Clydesdales have been used as draft animals for centuries, but more recently, they’ve also been trained for law enforcement work. Police horses need to be calm under pressure, and they need to be able to handle large crowds of people.

Clydesdales excel in these areas, which is why they make such good police horses. In addition to their size and strength, Clydesdales are also very intelligent and easy to train. When it comes to law enforcement work, few horse breeds can match Clydesdale’s ability to get the job done.

Picture of a quarter horse.

Quarter horses

Quarter horses have been used as police horses for many years. They are a popular choice because they are intelligent and easily trained. Quarter horses are also known for their sure-footedness and ability to cover ground quickly.

In addition, Quarter horses have a calm demeanor, which is essential for a horse working in a busy urban environment. Overall, Quarter horses make ideal police horses because they are intelligent, trainable, and level-headed.

The New Orleans Police department has an arena at their equine facility, and each year they host a barrel racing competition. I’ve been to a few of these and saw competitors riding police quarter horses.

Picture of a girl during her horse riding lessons, she is riding a Percheron.
Retired Police Horse


One of the most popular horse breeds for police work is the Percheron. These powerful draft horses are known for their intelligence, strength, and agility. Percherons are also very calm and level-headed, making them ideal partners for officers who need a horse that can remain calm in chaotic situations.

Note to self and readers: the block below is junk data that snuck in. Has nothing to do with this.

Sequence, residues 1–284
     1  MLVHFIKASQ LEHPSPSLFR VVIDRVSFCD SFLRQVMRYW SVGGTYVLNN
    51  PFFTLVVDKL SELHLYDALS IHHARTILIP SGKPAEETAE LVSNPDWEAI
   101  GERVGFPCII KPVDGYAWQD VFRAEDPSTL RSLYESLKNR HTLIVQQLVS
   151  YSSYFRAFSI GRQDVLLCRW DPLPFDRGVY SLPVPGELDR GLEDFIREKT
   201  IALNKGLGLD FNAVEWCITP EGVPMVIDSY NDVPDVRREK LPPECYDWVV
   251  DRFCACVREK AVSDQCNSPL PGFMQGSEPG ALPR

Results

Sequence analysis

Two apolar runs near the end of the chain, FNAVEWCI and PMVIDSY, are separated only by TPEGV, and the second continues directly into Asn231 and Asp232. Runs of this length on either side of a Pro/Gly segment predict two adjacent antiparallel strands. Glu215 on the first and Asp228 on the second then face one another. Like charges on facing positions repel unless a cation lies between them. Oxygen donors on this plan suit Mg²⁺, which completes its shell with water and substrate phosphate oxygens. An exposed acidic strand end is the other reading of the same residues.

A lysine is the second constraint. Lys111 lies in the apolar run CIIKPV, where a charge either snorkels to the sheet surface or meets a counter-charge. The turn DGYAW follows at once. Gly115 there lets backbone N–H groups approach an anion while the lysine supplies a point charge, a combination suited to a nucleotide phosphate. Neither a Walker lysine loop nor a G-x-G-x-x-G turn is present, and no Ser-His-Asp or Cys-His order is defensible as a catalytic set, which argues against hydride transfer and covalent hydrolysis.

Originally from France, they were used in war to carry knights and their armor into battle. Today, they are still used for heavy work, such as pulling carriages or plowing fields. However, their gentle nature also makes them ideal for police work.

Recently, I went to a horse riding camp and noticed a Percheron in the showjumping class. Seeing it perform got me curious, so I asked the instructor about the horse and learned it was a retired police horse. You can see the horse in the above picture.

In addition to their physical abilities, Percherons are exceptionally agile for a large horse. Overall, there are many reasons why Percherons make great police horses, and they continue to play an important role in law enforcement around the world.

Picture of a thoroughbred, they typically make good police horses.


People often ask why thoroughbreds make such good police horses. The answer is simple – they are intelligent, athletic, and have a great work ethic. Here are just a few of the qualities that make thoroughbreds ideal for law enforcement:

Intelligence: Thoroughbreds are incredibly intelligent horse breeds. This means they are easy to train and can quickly learn new commands. In addition, their intelligence makes them less likely to be spooked by unexpected noises or situations.

Athleticism: Thoroughbreds are extremely athletic horse breeds. They are known for their speed and stamina, which makes them ideal for patrol duty. In addition, their agility allows them to navigate crowded streets and tight spaces.

Work Ethic: Thoroughbreds want to please. They will put in long hours and go the extra mile to learn and please their owner. This makes them ideal partners for law enforcement officers who often work long shifts, especially during special events.

Picture of a police officer riding a horse.